Chemo drugs are administered in several ways: IV, IM, SQ, LP, or PO. IV drugs are usually given via a central line, discussed in a separate section on ports. Don't miss the link at the end of this section on how the doses are calculated from body surface area.

IV, or intravenous

IV means that something is administered directly into a vein. Patients with cancer can require frequent IV treatments, either chemo, transfusions, or antibiotics. Many children have central lines or ports, both to save them from frequent needle sticks and to prevent damage to veins.

IM, or intramuscular

These are shots given with an ordinary syringe directly into the tissue of a muscle (like, straight down into the top of the thigh).

SQ, subcutaneous

These shots are given just under the skin.

LP, IT, or spinals

Shots that are administered into the spinal fluid. Please see the paragraphs on LPs in the medical procedures section.

PO, orally

This is: pills. A good way to remember PO is P stands for "by" and O stands for "mouth". (It's Latin: per os ) Similarly, NPO is when the patient can't have anything by mouth. Nothing to drink or eat, not even a sip! This would be before a procedure such as bone marrow aspiration, when an anesthetic is used.

How to get kids to take oral meds: The parents' views on the subject!!

Drug Doses

Drug doses in protocols are often listed as an amount per BSA, or Body Surface Area. Here is a link to a page that calculates Body Surface Area and descriptive statistics plus medication doses.

Chemotherapy Drugs

The list of chemotherapy drugs used in childhood cancers is long. Usually, your oncologist will give you an information sheet on each drug that is given to your child.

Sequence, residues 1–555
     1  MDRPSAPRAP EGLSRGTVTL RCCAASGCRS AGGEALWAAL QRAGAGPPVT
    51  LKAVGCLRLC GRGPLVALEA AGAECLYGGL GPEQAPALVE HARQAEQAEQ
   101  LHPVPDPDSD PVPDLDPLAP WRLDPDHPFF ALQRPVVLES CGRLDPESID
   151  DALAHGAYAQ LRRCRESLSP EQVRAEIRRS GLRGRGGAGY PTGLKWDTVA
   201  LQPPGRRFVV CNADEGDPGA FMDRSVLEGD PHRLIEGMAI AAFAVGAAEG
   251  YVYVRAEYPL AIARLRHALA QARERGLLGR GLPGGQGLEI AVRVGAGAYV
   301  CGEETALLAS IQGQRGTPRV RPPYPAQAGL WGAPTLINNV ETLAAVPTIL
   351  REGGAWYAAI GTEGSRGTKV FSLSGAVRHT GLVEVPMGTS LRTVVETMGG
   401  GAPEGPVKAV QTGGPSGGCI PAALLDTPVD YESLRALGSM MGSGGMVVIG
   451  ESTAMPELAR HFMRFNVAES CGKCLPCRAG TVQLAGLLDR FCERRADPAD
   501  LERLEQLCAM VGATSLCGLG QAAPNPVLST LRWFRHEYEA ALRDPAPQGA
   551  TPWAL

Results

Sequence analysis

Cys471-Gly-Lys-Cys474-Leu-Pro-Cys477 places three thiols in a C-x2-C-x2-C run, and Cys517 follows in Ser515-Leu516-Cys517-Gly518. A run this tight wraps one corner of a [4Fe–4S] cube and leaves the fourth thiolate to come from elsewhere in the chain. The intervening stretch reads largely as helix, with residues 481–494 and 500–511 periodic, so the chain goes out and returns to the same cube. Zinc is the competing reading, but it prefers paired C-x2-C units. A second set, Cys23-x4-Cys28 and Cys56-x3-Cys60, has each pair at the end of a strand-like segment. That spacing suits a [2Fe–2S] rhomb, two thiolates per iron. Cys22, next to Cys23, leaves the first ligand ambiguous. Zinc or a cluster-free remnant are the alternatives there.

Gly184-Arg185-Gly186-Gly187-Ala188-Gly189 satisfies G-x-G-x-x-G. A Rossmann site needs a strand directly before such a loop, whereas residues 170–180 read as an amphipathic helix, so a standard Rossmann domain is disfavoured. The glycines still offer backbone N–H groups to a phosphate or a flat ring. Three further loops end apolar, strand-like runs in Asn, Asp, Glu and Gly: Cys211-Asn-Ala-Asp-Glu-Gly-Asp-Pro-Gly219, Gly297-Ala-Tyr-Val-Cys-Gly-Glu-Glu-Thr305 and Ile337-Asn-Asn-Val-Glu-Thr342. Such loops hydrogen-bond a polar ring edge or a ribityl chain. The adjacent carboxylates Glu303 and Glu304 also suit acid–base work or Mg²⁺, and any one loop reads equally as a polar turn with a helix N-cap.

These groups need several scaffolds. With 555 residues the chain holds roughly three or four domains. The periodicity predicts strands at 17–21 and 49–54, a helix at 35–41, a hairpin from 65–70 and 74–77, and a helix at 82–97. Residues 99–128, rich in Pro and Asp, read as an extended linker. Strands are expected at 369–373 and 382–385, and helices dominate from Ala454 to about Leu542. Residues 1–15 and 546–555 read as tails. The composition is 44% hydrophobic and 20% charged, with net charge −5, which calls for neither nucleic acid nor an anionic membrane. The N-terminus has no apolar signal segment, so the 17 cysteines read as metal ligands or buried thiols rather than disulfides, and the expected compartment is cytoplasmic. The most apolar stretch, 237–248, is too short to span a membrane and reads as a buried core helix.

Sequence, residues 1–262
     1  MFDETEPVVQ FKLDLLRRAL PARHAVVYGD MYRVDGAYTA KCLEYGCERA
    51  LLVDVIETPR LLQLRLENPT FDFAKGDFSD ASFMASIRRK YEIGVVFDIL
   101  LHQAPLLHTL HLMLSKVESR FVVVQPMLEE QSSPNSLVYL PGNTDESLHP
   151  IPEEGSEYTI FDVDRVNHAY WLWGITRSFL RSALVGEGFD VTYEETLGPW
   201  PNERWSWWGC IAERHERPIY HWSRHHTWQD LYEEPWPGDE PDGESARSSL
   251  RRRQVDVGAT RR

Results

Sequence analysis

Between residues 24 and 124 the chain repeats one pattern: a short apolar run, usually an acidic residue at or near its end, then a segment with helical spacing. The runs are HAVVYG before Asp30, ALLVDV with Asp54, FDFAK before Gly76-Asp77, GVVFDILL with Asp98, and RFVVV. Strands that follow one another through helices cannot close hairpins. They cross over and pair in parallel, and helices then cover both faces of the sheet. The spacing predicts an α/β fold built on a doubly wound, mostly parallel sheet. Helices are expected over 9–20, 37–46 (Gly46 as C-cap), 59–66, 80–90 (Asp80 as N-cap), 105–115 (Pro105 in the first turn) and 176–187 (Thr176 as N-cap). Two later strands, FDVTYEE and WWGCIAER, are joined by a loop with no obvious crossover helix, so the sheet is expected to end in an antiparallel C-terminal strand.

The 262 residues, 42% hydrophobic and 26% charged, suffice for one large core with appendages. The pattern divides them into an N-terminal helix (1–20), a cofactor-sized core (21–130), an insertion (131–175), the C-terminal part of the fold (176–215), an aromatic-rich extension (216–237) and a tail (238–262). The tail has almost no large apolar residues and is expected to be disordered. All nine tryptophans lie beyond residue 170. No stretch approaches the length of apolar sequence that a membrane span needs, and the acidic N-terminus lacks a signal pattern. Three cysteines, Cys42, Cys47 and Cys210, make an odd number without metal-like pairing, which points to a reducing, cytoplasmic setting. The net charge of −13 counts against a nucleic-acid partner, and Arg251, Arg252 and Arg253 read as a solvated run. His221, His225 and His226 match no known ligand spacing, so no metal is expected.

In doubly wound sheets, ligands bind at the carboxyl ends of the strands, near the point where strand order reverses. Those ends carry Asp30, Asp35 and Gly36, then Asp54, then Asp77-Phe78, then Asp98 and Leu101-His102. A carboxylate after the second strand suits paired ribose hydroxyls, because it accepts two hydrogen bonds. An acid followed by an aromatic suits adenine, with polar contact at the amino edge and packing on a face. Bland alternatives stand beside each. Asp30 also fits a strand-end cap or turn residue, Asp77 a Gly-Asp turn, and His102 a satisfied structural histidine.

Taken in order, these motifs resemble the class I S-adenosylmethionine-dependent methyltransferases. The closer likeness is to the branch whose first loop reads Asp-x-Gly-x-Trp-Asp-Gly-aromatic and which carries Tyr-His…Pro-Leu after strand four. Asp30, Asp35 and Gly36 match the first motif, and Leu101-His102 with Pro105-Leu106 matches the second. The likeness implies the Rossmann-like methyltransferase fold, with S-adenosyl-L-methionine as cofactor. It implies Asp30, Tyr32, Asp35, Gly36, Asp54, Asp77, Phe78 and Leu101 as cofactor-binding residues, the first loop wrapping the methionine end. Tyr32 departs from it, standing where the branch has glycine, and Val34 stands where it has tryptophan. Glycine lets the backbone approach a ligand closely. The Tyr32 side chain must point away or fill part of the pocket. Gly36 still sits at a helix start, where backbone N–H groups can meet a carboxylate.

Below are three sections, one that links to pages written by your author on ALL drugs and a second that contains annotated links to external web sites with good chemo drug information. The third section has links to web sites that might have information on new chemo drugs.

Patty's chemo drug pages

For the chemotherapy drugs used in the treatment of first-remission ALL in the late 1990s, your author prepared a treatise on the mode of action and possible side effects for each, using her expertise as a biochemist. Included on this non-ped-onc web site are:

Links to other web sites that have chemo drug information

Links to web sites with information on new drugs

Radiation Therapy

The following links provide excellent information on radiation therapy.

Routine Antibiotics

Antibiotics are often prescribed throughout a child's cancer treatment to prevent a particular type of pneumonia. These antibiotics, how they work, why they are needed, when they should be taken, alternatives, and parents' comments about them are given on a ped-onc site:

General Disclaimer

These pages are intended for informational purposes only and are not intended to render medical advice. The information provided on Ped Onc Resource Center should not be used for diagnosing or treating a health problem or a disease. It is not a substitute for professional care. If you suspect your child has a health problem, you should consult your health care provider.